Inequality through Covid: findings from the second wave of the Covid-19 participation monitor

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Inequality through Covid: findings from the second wave of the Covid-19 participation monitor

© Photo: The Lowry

By The Audience Agency


Is Covid-19 further exacerbating existing inequalities in cultural engagement? 

By now, we know all too well that the pandemic has impacted everyone negatively, but this latest report from The Audience Agency focuses specifically on the inequality of those impacts, asking who is more negatively impacted and looking at how that relates to or exacerbates previously existing and ongoing inequalities in cultural audiences?

This report from The Audience Agency shares findings from a nationwide survey, the Cultural Participation Monitor. It is part of a wider national research programme that is building a robust and in-depth picture of the impacts of Covid-19 on the UK’s cultural sector.

This is the first in a series of thematic reports from the second wave of the nationwide Covid-19 Cultural Participation Monitor. The second wave is based on findings from a survey that took place in February 2021. It presents evidence to support the following:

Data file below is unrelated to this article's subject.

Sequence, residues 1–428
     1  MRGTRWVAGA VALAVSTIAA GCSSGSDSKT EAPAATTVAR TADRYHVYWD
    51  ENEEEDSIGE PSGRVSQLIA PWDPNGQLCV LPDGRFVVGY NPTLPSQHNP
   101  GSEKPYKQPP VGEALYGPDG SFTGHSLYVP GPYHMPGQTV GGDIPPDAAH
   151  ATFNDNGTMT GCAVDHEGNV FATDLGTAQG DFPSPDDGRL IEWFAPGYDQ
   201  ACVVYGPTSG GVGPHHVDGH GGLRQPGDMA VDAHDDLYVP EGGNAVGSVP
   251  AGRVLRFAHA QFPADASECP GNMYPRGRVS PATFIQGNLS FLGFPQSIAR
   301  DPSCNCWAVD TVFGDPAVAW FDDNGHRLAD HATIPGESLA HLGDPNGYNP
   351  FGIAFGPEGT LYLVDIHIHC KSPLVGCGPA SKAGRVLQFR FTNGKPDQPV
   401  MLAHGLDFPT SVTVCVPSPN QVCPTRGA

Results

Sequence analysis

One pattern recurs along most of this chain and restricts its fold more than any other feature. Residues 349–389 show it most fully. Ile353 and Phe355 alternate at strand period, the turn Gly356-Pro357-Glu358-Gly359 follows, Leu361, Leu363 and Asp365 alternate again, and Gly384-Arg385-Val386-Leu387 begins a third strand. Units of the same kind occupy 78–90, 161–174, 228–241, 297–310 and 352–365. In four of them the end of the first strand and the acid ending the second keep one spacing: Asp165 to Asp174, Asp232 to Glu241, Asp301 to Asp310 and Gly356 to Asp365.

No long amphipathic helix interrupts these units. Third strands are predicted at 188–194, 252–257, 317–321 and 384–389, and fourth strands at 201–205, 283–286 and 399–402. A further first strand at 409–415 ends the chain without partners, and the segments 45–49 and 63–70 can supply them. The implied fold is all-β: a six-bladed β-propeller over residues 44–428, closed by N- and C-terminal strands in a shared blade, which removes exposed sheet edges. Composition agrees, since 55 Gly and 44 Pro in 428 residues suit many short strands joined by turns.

• Cultural engagement was unequal before Covid-19
  • The impacts of the pandemic have been experienced unequally, reinforcing this existing inequality
  • Further inequalities have developed in terms of health impacts and vaccination
  • There are likely to be increases in inequality in cultural engagement into the future.

Read the full report to find out more detail about the unequal impacts of Covid-19 on people's amount of free time and money, broken down by age, occupation, ethnicity and disability, as well as likelihood to engage in cultural activity.

The Covid-19 Cultural Participation Monitor is a research survey that samples thousands of people from all UK regions and walks of life, adding insight about the wider public's changing views on participating in creative and cultural activities through the pandemic.

It will take place in several waves so that changes in attitudes, behaviours and intentions can to be plotted accurately as the crisis evolves. This report is based on data from the second wave of the Cultural Participation Monitor (February 2021).

This report is part of a wider research programme led by the Centre for Cultural Value in collaboration with the Creative Industries Policy and Evidence Centre and The Audience Agency. This project is funded by the Arts and Humanities Research Council (AHRC) through UK Research and Innovation’s COVID-19 rapid rolling call.

Published: 2021
Resource type: Research